Federal report predicts 'negligible ... temporary' impact of rail merger
A preliminary federal report released Friday contends the potential harm of a merger between Canadian Pacific and Kansas City Southern railways, opposed by multiple suburbs, would be minimal.
In a draft environmental impact statement, U.S. Surface Transportation Board analysts said, "apart from train noise, which could result in adverse impacts at some locations, the potential adverse impacts of the proposed acquisition would be negligible, minor, and/or temporary."
It's a significant finding, but it doesn't mean STB members will approve the proposal.
The agency is taking comments on the draft environmental impact statement now through Sept. 26. Board members also will hold a three-day public hearing in Washington on the merger's merits in late September.
"The report isn't likely going to satisfy affected communities, considering that the full ramifications of the merger are so hard to predict," DePaul University transportation Professor Joseph Schwieterman said. "Even CP may not yet know how the train traffic will change on all of its routes."
If CP acquires the KCS, it would create a massive system stretching 20,350 miles between Canada and Mexico.
It's estimated towns along the tracks in the Chicago region will experience an average of eight more freight trains a day. That's raised concerns about traffic delays, safety and environmental consequences in suburbs including Bartlett, Bensenville, Elgin, Itasca, Hanover Park, Roselle, Wood Dale and Schaumburg, which formed a coalition to fight the plan.
"Eight suburban communities and DuPage County remain vehemently opposed to the merger as proposed due to the irreversible adverse impacts on villages and cities along the Metra Milwaukee District West Line," members of the Coalition to Stop CPKC said in a statement.
But the move would take trucks off the road, increase competition and create jobs, CP contends.
"This is a transformative opportunity for CP, for KCS, and for the North American economy," Canadian Pacific President Keith Creel has said.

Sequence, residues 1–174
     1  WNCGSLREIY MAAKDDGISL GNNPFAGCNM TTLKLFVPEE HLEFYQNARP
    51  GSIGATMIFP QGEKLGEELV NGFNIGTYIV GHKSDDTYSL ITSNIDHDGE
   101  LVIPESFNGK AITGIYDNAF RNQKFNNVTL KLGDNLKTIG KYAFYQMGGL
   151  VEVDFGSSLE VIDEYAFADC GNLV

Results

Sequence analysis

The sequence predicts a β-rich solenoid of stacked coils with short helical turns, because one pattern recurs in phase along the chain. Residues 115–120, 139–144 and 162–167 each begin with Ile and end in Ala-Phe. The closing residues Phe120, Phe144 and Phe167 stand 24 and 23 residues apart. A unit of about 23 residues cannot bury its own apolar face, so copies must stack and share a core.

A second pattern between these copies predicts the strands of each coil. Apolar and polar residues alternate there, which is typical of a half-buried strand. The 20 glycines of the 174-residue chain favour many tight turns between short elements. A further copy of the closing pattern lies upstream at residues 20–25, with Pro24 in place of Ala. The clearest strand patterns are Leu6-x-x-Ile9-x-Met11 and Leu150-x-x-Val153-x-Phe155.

Both sides still were digesting the voluminous study Friday afternoon.
"We are reviewing the Surface Transportation Board's draft environmental impact statement," CP officials said. "We remain committed to continuing our work with communities as we advance through this process."
Coalition members also said they were reviewing the study and would provide a detailed response by the deadline.
The 357-page report plus appendixes are nuanced.
STB analysts predicted more trains would increase the risk of an accident such as a derailment but expect that "incidents would be minor and would not result in any injuries or fatalities."
In acknowledging the noise impact of additional freights, they recommended additional mitigations other than those proposed by CP, such as maintaining railway track beds, lubricating curves, and to "promptly respond to community inquiries concerning the establishment of Quiet Zones."
Schwieterman thinks "the analysis shows that the worst-case scenarios some opponents are pointing to, such as dramatic increases in milelong freight trains running at all hours of the day and night, aren't likely credible."
But a "limitation of the analysis is that it doesn't look at all the contingencies, such as how even a few extra trains at rush hour could affect Amtrak and Metra."
A public meeting on the draft study is set for Sept. 12 in Itasca.